As an articled clerk in 1994 I discreetly joined LAGLA, the Lesbian and Gay Lawyers Association, and I recall receiving their newsletters at home in plain brown envelopes, long before emails. All their meetings and events seemed to be held in London, where I suspected it was perhaps easier to be “out” as a lawyer than it was in the provinces.
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Family: the word means something to us all, both professionally and personally. For now though, can we all put aside the ‘lawyer’ in ‘family lawyer’ and reflect just on the ‘family’.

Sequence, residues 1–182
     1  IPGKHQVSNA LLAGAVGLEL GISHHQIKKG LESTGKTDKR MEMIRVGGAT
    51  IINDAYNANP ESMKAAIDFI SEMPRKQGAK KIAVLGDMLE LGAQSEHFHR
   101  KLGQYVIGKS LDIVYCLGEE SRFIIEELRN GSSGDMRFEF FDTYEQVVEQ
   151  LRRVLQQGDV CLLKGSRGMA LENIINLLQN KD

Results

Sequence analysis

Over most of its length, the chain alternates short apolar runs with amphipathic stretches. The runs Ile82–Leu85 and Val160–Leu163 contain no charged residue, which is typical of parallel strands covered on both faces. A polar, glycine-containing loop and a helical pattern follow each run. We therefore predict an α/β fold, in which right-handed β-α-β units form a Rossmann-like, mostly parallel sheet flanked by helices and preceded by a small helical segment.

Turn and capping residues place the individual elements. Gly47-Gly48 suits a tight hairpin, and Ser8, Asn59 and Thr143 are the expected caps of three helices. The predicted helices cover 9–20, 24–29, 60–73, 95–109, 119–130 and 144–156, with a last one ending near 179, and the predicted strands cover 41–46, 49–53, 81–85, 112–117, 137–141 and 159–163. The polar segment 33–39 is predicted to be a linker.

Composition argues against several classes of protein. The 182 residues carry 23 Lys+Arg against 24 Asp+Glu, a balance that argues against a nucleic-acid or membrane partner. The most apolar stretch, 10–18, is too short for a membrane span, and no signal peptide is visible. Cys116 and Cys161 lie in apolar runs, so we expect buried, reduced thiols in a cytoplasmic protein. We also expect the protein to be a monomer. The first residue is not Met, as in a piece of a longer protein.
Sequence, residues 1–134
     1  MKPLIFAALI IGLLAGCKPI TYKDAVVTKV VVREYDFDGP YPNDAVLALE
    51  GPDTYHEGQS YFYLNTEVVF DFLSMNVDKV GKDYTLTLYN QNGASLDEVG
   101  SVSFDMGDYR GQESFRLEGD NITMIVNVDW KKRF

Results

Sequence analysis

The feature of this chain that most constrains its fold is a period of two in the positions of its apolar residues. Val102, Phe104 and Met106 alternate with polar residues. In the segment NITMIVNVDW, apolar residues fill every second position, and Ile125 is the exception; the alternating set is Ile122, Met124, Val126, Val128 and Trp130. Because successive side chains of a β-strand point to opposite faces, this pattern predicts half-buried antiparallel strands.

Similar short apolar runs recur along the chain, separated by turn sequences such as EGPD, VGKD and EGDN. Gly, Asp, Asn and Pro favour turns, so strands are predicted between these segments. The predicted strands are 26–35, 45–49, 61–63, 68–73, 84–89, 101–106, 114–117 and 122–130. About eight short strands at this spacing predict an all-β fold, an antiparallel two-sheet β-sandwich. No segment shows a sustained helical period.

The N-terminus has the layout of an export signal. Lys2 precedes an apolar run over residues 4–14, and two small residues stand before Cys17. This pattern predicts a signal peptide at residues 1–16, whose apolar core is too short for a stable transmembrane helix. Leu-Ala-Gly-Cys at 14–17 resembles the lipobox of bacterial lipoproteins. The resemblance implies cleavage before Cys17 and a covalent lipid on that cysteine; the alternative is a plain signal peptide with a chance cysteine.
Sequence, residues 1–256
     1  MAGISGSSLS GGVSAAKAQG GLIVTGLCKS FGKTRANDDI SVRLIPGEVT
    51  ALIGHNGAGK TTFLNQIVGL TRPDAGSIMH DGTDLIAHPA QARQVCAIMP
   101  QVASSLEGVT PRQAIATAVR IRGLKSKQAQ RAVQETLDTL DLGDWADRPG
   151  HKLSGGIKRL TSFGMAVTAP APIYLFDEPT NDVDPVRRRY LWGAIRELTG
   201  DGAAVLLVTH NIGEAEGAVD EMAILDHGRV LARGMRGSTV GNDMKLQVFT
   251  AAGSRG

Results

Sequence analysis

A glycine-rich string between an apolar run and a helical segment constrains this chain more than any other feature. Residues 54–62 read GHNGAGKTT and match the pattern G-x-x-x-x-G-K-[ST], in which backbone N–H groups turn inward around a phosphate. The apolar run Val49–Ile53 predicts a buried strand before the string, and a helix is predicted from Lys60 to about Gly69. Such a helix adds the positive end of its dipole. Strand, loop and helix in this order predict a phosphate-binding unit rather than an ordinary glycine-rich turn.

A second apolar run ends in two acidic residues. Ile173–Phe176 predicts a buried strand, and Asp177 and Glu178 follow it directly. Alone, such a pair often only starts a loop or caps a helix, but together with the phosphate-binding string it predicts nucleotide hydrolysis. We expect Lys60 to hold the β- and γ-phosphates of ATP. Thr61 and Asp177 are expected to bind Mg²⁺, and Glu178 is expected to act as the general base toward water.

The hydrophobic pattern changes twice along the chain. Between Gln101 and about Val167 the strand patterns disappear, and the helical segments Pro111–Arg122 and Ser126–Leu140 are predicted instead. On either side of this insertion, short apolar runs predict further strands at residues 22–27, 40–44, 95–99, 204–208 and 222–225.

When I was asked to write this, I was told “the more personal it is, the better”, which put me off putting pen to paper. My experience of being a Black LGBT+ person growing up in the UK in the 90s is deeply personal and bite-sized versions of a formative human experience made me worried about being misquoted, misunderstood and judged.
Understanding your own experience, or indeed the experience of others, is an ongoing process. So, this will be a “where I am right now at my current state of evolution and understanding”.
When I was first approached to write this article to celebrate LGBT History Month, I panicked.
Representing lesbian mothers in 1980s Britain meant challenging rampant homophobia. It's a history that should not be forgotten.
To mark LGBT History Month, Resolution is sharing personal stories from members about their life in family law.